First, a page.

The standard formulas use separate annualized rates of partial prepayment and liquidation, PPR and LQR. Though this approach works in practice, it involves a minor technical inconsistency. 

Let p be the constant monthly partial prepayment rate, and q the constant monthly liquidation rate. For simplicity, we ignore scheduled principal payments. The remaining principal balance after one month is:

Bk+1=Bk(1-q)·(1-p)

and after two months is:

Bk+2=Bk(1-q)·(1-p) ·(1-q)·(1-p)

Similarly, the remaining balance after one year is:

Bk+12=Bk(1-q)12 ·(1-p)12

We can thus write the total annual prepayment rate, UPP:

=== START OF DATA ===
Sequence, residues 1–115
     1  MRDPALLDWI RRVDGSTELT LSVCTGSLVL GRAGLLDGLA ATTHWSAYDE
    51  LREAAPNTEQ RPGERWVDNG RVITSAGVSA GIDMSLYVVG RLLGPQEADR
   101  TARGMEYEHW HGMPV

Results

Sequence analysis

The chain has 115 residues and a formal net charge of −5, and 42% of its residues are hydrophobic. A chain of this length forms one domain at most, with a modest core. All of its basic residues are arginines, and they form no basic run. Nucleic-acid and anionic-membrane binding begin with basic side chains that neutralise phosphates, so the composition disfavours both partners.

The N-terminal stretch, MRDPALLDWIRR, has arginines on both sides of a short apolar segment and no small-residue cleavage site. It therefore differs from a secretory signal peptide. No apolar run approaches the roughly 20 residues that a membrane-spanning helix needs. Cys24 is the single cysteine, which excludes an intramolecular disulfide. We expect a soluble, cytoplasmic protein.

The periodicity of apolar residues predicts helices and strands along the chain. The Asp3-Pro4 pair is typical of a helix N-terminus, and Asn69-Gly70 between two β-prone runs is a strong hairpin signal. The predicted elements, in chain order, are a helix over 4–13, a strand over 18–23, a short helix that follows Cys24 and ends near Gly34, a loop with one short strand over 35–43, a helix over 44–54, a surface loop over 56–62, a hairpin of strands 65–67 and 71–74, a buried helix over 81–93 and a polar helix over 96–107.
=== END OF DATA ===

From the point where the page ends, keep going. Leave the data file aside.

(1-UPP)=(1-q)12 ·(1-p)12
UPP=1-(1-q)12 ·(1-p)12

Strictly speaking, there is no way to separate the expression (1-p)12 from the expression (1-q)12 and thereby obtain separate expressions for the annual rates PPR and LQR. The two expressions are inter-dependent (for this reason, the expression UPP is provided in the standard formulas).

However, because partial prepayments, p, tend to be low and relatively invariant, the standard formulas

PPR=1-(1-p)12
LQR=1-(1-q)12

reasonably approximate the reductions in principal that result when constant rates p and q are applied in the standard formulas for one year. Thus, the Canadian investment dealers have agreed that the expressions PPR and LQR are reasonable in practice. 

Date Published: March 31, 2018